Humans have long challenged the natural limits of our presence — we’ve cloned animals, spliced and rewritten DNA, and laid the groundwork to bring back extinct species. But one milestone has remained elusive — the ability to recreate what we call life. Until, perhaps, now.
Synthetic biologists, like the University of Minnesota’s Kate Adamala, are working to reverse engineer real cells to make artificial ones. The goal is to create a fully functional cell that can be reprogrammed and manipulated to perform all kinds of functions. Biologists who study artificial cells forecast them doing everything from delivering drugs inside the body to removing toxic metals from the environment. “We’ll be able to control biology on a level that we were never able to do before,” says Adamala. “We can explore biomedical and metabolic applications that are inaccessible right now for natural cells.” These artificial cells could reshape how we do medicine, and indeed how we think about it.
Scientists have yet to recreate a fully functional cell. But they’ve certainly tried. Past work on synthetic cells have used fatty acid bubbles called liposome droplets. However, according to N. Amy Yewdall, a biochemist who researches protein-based artificial organelles at Radboud University, these droplets have a hard time carrying cellular organelles. For those organelles that do make it in, they need to be organized in a specific place for reactions to occur — complicating matters further.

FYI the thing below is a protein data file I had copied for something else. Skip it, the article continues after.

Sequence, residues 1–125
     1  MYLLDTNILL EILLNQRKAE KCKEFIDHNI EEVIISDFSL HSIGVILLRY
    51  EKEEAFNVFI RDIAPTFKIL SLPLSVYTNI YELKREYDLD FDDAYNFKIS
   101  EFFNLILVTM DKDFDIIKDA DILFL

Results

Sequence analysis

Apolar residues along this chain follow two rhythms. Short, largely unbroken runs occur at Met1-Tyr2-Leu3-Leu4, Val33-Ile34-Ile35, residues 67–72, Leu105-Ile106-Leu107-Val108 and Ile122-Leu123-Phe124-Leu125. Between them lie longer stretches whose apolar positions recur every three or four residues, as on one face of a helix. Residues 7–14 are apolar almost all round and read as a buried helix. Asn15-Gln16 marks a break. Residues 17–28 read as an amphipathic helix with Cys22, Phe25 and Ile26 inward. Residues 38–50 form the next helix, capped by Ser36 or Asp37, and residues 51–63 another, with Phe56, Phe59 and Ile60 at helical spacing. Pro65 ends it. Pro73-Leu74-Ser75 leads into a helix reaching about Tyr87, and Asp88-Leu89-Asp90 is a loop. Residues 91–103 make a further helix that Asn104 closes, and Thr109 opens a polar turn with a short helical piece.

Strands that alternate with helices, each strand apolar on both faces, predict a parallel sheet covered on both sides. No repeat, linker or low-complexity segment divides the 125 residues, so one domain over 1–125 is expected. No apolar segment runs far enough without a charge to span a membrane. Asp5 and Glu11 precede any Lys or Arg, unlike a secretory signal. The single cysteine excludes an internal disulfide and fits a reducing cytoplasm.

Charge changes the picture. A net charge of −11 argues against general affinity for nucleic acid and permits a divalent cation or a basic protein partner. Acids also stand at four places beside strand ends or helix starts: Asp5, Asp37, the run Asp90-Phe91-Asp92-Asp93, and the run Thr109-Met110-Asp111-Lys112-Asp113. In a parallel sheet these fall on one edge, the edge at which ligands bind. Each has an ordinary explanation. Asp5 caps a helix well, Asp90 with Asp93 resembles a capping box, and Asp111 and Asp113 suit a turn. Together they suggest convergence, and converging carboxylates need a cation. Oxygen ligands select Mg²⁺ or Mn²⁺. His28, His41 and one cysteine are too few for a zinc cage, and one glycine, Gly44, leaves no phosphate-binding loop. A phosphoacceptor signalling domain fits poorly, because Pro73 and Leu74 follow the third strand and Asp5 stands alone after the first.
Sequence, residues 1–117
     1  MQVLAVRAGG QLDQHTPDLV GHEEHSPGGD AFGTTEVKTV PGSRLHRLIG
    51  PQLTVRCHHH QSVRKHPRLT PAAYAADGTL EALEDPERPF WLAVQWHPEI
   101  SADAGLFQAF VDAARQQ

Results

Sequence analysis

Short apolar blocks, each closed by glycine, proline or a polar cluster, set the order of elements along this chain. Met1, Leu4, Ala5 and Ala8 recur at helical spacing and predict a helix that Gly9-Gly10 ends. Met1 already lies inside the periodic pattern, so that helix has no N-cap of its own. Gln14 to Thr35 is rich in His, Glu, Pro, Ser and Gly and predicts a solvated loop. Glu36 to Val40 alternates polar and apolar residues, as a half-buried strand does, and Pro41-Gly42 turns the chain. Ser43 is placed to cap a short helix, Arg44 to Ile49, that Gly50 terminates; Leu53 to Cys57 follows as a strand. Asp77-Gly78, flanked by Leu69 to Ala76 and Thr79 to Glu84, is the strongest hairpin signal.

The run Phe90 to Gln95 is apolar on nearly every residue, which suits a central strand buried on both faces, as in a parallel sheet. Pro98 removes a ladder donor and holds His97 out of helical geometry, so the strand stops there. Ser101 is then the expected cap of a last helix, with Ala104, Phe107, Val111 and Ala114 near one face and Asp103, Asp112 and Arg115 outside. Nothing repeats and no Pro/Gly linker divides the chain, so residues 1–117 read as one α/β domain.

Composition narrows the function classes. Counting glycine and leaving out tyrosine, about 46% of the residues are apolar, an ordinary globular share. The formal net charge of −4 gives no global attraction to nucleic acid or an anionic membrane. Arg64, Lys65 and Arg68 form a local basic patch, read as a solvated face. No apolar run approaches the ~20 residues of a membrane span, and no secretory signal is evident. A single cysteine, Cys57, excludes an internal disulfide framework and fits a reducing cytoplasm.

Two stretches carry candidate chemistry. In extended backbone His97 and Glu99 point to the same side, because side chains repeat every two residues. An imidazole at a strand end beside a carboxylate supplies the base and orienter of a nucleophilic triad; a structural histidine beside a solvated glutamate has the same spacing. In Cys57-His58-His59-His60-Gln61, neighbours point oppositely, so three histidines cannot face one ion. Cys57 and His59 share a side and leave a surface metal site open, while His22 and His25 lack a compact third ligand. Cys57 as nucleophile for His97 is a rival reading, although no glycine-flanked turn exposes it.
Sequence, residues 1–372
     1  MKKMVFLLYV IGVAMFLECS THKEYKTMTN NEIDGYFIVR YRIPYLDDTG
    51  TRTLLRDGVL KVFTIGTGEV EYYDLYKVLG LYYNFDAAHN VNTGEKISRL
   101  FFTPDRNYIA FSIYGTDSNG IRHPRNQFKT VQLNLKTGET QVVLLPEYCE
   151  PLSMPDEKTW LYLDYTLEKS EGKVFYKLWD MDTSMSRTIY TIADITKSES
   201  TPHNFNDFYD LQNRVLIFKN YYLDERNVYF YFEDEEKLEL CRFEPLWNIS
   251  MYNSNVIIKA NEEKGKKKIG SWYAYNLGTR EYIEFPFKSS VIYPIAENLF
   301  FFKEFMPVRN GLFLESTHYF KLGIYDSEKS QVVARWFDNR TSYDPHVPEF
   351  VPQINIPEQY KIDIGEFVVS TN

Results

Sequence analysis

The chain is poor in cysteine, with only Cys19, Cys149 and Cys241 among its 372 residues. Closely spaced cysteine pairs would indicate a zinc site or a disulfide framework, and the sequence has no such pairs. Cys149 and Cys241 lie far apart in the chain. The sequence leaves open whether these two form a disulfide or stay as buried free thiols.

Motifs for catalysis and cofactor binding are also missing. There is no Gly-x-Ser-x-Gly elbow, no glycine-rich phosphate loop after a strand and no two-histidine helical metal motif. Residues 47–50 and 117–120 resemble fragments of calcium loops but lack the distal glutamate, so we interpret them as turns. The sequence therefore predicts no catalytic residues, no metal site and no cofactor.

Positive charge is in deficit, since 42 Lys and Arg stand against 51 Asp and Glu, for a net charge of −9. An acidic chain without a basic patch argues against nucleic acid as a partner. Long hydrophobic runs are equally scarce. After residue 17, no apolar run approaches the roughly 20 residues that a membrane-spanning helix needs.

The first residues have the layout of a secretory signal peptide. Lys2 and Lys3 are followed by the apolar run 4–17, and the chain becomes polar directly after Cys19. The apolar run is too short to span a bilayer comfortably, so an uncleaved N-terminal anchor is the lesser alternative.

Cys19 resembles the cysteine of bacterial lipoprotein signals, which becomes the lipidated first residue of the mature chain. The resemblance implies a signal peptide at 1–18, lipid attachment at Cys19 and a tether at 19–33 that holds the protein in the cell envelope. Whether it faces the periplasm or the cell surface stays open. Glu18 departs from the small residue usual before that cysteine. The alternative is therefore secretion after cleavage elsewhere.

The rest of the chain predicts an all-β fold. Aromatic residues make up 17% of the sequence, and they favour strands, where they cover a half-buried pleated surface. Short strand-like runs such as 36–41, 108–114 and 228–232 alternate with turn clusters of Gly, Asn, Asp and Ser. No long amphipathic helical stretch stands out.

A recent study published last fall in Nature took a different approach, and their unorthodox method may be the closest yet to building a fully operational synthetic cell. Senior author Stephen Mann and his team opted to take a “short-cut” from designing a cell by scratch. Their approach focused on tearing down preexisting cells and morphing what remained into a brand-new one.
Creating a living being from scratch is difficult. A cell is home to a complex system where every organelle must work together to sustain life. To engineer artificial life in a test tube, scientists will have to engineer lots of different functionalities together that might not exist in nature along with the ability for the cell to sustain basic life functions. “One of the most underlying and necessary reactions that have to occur would be to get from DNA to RNA to proteins,” says Yewdall. “In order to do this, you need a compatible system” — one where all the organelles and other cellular parts work together to sustain cellular function such as making proteins, energy, and transporting nutrients.
To start, they created the base of the artificial cell: blobs of fluid. They fused together polymers and ATP to create empty liquid droplets made of synthetic polymers in water. These droplets act as a blank slate that becomes more complex as more cellular components are added on.
The team designed the synthetic cells using two bacterial species, Escherichia coli and Pseudomonas aeruginosa. Both bacteria were exposed to the empty droplets in liquid solutions. One bacterium was captured inside the droplets and the other stayed outside the surface. Because the two bacterial species localized in separate areas, the droplets formed different membrane structures.